A business model is a conceptual structure that supports the viability of a product or company explaining how the company operates, makes money & how it intends to achieve its goals. It’s a framework for how a company creates value. It encapsulates how a company plans to generate profit by selling services or products. It’s the DNA of a company’s strategy & illuminates its success-bound trajectory. The business processes and policies of a company are premised on a business model. Before the initiation of a new company becomes full throttle, due and adequate thought must be given so as to ensure that the appropriate business model is chosen or created & subsequently adopted.

In this article I shall enunciate some of the business models that are being used by local businesses. They are as follows:

Manufacturer Model

This model entails the use of raw materials to develop products. It could also involve the use of pre-made components to assemble & come up with products. The products developed or produced can be sold directly to end consumers using a business to consumer (B2C) approach. Another approach is for another business to buy from the manufacturer and then it sells to the consumer i.e. a business to business (B2B) approach. An example is Lambat Clothing Manufacturers located in Southerton, Harare.

Distributor Model

Here the company or business buys products directly from the manufacturer. Then it, in turn, sells them to retail outlets or the general public. Essentially, it acts as a middle point or middle man between the manufacturer and businesses or individuals. Greystone Distributors located in Bulawayo are an example. They specialize in importing & distributing all types of bearings, vee belts & hardware.

Retailer Model

This involves buying products from a distributor, manufacturer or wholesaler. Then products are sold to the general public. Usually, in fact, commonly, a brick-&-mortar location is used by the retailer (this however, is not always mandatory since online retailing is now becoming a growing trend). An example of a retailer is OK Zimbabwe, which happens to be the country’s biggest retailer.

Franchise Model

This is based on the use of another organization’s business model that’s already established. It can involve manufacturing, distribution or retailing. Ideally, the basis is on a unique service or product being sold or produced by leveraging on established processes & protocols of the parent business. It uses the parent business’ model and brand whilst in the process paying royalties. Franchise examples in Zimbabwe would be Steers or Pizza Inn.

Bricks & Clicks Model

This is when a company executes its business both offline & online i.e. bricks (offline) & clicks (online). So here the users can order products on online but the order gets picked up at a local outlet or is dispatched from a local outlet and delivered to the customer. The merit of this approach is that a wider pool of customers can actually be reached at very limited costs. An example is Foodworld Supermarkert which has both an online shop and physical shops.

Nickel & Dime Model

The basic concept here is to charge as low as possible for the cost-sensitive item. Then you, in turn, charge for every other minor service. This is a quite risky model and can come back to hurt the business. This is because, in time, customers will begin to see right through all those charges and get tired of them, ultimately crossing the floor to other service providers. Thus, its important thoroughly assess whether or not that model should be applied always or it should be periodically reviewed against customer behaviour, attitudes & responses. An example would airline companies like Air Zimbabwe where you are charged extra fees for luggage.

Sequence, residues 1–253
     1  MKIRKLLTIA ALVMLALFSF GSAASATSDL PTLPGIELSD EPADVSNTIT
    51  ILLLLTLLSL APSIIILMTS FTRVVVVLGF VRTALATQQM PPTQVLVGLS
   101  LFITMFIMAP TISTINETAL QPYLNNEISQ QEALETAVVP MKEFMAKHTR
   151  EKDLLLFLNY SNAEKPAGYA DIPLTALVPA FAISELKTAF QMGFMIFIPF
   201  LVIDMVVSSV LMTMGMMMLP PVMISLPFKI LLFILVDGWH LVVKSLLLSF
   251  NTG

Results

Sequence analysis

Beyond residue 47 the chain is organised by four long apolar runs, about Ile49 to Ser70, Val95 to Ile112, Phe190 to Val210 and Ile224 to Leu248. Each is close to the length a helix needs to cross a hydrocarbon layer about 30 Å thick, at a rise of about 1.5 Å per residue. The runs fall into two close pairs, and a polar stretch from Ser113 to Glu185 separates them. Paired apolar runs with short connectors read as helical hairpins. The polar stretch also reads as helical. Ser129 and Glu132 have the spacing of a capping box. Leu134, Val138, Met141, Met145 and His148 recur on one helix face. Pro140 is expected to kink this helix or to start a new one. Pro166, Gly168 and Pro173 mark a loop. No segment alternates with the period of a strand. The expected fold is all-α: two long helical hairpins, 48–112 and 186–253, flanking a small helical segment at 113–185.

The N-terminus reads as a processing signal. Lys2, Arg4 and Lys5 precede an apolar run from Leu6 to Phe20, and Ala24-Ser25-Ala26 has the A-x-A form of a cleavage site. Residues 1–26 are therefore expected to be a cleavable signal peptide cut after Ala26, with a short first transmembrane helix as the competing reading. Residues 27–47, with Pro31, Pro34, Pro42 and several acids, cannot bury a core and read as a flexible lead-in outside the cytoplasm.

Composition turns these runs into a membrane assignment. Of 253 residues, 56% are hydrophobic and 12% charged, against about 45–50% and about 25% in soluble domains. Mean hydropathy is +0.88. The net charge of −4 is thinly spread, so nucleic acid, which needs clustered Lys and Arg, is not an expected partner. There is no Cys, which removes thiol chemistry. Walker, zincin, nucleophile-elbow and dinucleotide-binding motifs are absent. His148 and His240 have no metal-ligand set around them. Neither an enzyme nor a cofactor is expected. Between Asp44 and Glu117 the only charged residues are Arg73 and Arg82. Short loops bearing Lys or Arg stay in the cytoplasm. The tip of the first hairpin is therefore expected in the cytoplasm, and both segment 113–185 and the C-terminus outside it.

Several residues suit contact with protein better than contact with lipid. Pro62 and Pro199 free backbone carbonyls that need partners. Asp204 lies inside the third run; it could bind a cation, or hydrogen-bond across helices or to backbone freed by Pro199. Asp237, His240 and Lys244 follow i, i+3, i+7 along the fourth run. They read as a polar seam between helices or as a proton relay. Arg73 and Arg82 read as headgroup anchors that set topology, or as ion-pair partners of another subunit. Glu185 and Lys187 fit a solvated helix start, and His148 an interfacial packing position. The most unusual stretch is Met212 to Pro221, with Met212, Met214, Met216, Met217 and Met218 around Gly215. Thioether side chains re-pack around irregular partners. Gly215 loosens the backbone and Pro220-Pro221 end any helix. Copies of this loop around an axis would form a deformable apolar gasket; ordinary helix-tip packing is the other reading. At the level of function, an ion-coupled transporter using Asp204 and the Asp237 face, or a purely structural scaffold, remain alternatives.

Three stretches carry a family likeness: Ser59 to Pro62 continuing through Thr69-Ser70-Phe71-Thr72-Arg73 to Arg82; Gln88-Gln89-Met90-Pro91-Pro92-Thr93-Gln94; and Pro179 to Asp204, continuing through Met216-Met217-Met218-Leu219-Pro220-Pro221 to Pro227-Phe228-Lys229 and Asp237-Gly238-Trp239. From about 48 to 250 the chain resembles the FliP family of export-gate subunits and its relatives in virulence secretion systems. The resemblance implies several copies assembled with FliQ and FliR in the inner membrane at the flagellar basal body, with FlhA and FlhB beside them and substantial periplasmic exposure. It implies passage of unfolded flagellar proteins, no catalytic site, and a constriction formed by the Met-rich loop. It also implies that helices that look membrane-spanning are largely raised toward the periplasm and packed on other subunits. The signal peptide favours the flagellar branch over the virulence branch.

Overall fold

Freemium Model

What happens here is that the basic service is offered free. Then when a user wants to use premium services they are charged. So basically the premium services are only accessible at an additional fee; premium services denote full or expanded access. Most online services & applications use this business model. Typically 8% or more of users ultimately pay up to upgrade & become premium users. An example is Zim Provisional Guide app available on Google Play Store.

High Touch Model

The essence of this model is that it requires ardent & consistent human interaction. It’s a person-centric model where the relationship between the salesperson (i.e. one selling goods or services) & customer has a colossal impact on sales realized & customer retention. It’s a commonly used business model in the country across the formal & informal sectors. Businesses that are highly suited for this model are consulting firms, financial services, accounting firms or salons. Examples are Nyaradzo Funeral Services or Red Rose Hair & Beauty Salon.

Aggregator Model

This is recently developed business model. For this model, a company collects information about particular goods or service providers and then makes them partners. Then those providers sell their services under the brand of the company whilst earning money by virtue of commissions. To note here is that the providers don’t actually become employees & they continue to be owners of the goods or service provided. The aggregator is a brand and thus must provide services with uniform quality & price. The aggregator also plays a huge role in marketing the goods or service. An example here is Vaya Lift (the Uber-like taxi service).

Subscription Model

Mostly used when customer acquisition costs are quite high. It entails keeping customers over a long-term contract and getting recurring revenues from them through repeat purchases. Basically, the customer pays a recurring price at regular intervals to get access to a product or service. Essentially, when you adopt this model you will be creating a significant asset & renting a piece of it. Example here would be Kwese Iflix, which is a content provider that streams shows & movies.